NASCAR's Greatest Moments - Part 3
1990 - Present Day

 by Adam Sewell
July 26, 2001

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The decade of the 90's saw the sport of stock car racing undergo an enormous boom in popularity. The 90's also saw some exciting races, the addition of new tracks, and some changes to some of the historic tracks, such as adding lights to Charlotte and Daytona. The level of competition increased, and it also saw some of the sports most popular stars pass the lead on to the young guns. It is pretty safe to say that the 90's were one of the most important and influential decades in NASCAR history. From 1990 to 2001, NASCAR went from a southern regional sport to a national sport that now rivals Major League Baseball and the National Football League in popularity. Here's some of the more exciting moments over the past decade:

1991 Champion Spark Plug 400 - The Rising 'Star' Battles A Future Star

The 1991 Champion Spark Plug 400 at Michigan Speedway was the sight of one of the most memorable finishes of the 1990's. Coming to take the checkered flag, Davey Allison in the #28 Texaco car battled with Dale Jarrett's #21 Citgo Ford. As they exited turn 4 for the final time, the two bumped each other on numerous occasions as they were heading for the line. The photo finish revealed that Dale Jarrett had scored his first career win by inches, with his excited father Ned broadcasting the victory from the booth. 

1992 Season - One Lap Decides It All, And The King Steps Down

In 1991, Richard Petty announced that 1992 would be his final season as a driver. He titled his 1992 campaign the Fan Appreciation Tour. As the season reached the halfway mark at Daytona, President George Bush attended the race and watched Petty take the green flag from the outside pole and lead several laps. The season went on and it was becoming clear that there was going to be a tight race for the championship. The final race at Atlanta came, and the favorites to win the championship were Bill Elliott, Davey Allison, and Alan Kulwicki. During the race, Richard Petty was collected in a multi-car accident and his car caught fire. Thankfully, he was not injured, and his crew repaired his car for Richard to make one final farewell lap after the conclusion of the race. The race went on with Elliott and Kulwicki fighting for the lead most of the day. Allison was running right where he needed to be to clench the championship, but he was taken out of the race when he was hit by Ernie Irvan's spinning car off turn 4. The championship came down to strategy on the final pit stop. Kulwikcki's team stretched their fuel mileage, allowing him to stay on the track longer. As a result, he led one more lap than Elliott did and clinched the bonus points for leading the most laps. Bill Elliott won the race, but missed the championship by one lap. On a more humorous note, Alan Kulwicki combed his hair before he climbed out of the car to accept the championship trophy, then later that year at the awards banquet in New York, Bill Elliott presented Alan with a gold comb.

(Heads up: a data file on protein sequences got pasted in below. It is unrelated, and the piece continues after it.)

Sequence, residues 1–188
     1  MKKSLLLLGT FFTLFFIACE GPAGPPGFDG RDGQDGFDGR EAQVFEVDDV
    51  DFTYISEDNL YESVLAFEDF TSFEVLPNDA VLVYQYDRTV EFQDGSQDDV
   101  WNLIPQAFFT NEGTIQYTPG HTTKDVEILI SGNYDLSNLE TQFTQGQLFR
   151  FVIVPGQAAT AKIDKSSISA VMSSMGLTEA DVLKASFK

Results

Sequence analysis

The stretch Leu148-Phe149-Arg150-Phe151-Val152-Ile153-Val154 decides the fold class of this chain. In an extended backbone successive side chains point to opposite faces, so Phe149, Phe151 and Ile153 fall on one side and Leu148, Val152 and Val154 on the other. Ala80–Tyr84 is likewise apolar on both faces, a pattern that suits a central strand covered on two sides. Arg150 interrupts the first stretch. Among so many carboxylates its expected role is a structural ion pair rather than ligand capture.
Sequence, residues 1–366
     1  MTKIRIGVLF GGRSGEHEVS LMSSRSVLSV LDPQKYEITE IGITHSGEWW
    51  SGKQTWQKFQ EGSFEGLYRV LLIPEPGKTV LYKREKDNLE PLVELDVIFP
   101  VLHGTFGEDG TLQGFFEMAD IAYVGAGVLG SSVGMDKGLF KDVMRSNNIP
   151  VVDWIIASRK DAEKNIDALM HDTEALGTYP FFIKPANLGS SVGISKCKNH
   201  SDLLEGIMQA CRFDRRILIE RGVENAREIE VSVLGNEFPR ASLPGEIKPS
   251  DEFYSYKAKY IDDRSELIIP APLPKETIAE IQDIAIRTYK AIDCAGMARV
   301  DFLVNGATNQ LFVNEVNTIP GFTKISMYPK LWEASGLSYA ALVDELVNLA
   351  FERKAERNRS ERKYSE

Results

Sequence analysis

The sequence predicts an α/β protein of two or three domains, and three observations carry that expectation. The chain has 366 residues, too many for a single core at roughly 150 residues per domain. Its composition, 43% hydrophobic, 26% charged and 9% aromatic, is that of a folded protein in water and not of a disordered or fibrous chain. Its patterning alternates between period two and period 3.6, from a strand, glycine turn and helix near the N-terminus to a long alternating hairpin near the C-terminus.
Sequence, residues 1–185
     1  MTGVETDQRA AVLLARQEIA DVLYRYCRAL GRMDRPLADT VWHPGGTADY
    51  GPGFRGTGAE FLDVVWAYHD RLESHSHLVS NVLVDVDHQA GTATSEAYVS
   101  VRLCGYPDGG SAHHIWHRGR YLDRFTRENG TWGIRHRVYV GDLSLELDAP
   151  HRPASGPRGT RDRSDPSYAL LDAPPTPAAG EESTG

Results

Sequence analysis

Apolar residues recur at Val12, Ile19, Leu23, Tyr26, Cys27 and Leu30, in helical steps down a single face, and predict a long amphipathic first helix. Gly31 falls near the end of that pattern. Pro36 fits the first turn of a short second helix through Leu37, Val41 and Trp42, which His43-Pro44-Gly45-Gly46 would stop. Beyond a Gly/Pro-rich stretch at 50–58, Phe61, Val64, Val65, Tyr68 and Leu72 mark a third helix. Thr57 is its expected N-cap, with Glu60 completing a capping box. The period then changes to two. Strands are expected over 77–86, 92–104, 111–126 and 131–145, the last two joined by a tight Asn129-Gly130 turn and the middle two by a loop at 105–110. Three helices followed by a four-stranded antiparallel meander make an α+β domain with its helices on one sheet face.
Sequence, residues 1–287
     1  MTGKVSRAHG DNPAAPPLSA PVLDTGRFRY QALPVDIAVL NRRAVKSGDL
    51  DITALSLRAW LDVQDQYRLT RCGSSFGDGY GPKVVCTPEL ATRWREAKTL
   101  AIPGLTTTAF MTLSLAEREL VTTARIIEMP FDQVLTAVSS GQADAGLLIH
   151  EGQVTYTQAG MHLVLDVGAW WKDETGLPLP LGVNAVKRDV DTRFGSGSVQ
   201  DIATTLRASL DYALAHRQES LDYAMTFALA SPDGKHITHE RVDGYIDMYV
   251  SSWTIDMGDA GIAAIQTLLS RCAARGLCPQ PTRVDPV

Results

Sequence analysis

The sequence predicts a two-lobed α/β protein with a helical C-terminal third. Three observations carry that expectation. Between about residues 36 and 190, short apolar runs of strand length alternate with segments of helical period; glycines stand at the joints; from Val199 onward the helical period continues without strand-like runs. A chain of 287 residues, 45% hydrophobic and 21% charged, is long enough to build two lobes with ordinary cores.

1994 Season - A New Tradition Is Born And The Fans Are Dealt A Pair Of Sevens 

For decades, the Indianapolis Motor Speedway was home to only one race, the Indianapolis 500. But in 1994, a new tradition was created. For the first time, a series other than the Indy cars were going to run a race at the Brickyard. The NASCAR Winston Cup Series would compete in the Brickyard 400. Rick Mast sat on the pole and Jeff Gordon won the event after leader Ernie Irvan cut a right front tire. Though Jeff Gordon won that event, the driver that dominated the season was Dale Earnhardt. When he won the fall race at Rockingham, he clinched the season championship with two races remaining. This tied Earnhardt with Richard Petty for most championships with seven a piece. 

1997 Miller 400 - The Comeback Is Complete 

In August of 1994, at Michigan Speedway, Ernie Irvan was piloting his #28 Texaco Ford in a practice session when a tire blew and sent his car into the turn 1 wall. The car came to rest on the backstretch. Irvan was extracted from the car and airlifted directly to the hospital. Irvan suffered serious injuries in the crash and his physicians gave him a 10% chance of survival. In 1995, after being absent from the Winston Cup series for over a year, Irvan made his return at North Wilkesboro. He qualified seventh, led several laps, and finished sixth. In 1996 at New Hampshire, Irvan scored his first victory since his return to racing. Still, the comeback wasn't complete. Ernie Irvan started the 1997 Miller 400 at Michigan Speedway in the twentieth position. Irvan, Mark Martin, and Bill Elliott had the dominant cars all day. As so many Michigan races do, this race came down to fuel mileage and pit strategy. Elliott and Irvan were leading when the final round of pit stops began. Both teams took two tires and fuel, but Irvan's crew completed the work quicker, giving Irvan the lead. He led the final laps on his way to victory at the track that almost ended his life just a few years earlier.